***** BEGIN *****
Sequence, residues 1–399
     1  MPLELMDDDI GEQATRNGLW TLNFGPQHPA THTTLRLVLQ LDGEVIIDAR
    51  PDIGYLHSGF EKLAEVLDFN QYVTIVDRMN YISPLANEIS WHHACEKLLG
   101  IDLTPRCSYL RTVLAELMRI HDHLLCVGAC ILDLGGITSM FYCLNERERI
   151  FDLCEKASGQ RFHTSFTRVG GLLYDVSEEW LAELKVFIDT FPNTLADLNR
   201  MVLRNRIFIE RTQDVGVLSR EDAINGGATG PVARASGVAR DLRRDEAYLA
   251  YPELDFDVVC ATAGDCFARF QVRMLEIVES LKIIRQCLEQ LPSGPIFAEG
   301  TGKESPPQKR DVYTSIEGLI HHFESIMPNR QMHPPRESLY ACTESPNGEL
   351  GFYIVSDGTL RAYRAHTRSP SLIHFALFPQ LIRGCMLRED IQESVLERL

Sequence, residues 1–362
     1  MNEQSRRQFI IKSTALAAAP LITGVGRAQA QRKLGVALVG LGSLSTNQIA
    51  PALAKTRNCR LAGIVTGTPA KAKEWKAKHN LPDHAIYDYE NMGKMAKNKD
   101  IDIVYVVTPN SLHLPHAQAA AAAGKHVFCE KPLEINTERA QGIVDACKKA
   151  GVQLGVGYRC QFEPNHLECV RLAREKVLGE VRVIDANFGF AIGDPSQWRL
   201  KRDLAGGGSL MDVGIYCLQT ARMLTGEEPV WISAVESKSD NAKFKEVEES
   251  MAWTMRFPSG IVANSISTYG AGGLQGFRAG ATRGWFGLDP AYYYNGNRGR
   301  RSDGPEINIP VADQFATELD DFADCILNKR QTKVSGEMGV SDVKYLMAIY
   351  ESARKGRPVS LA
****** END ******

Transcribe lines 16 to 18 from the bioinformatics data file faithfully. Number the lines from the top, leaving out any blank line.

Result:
   251  MAWTMRFPSG IVANSISTYG AGGLQGFRAG ATRGWFGLDP AYYYNGNRGR
   301  RSDGPEINIP VADQFATELD DFADCILNKR QTKVSGEMGV SDVKYLMAIY
   351  ESARKGRPVS LA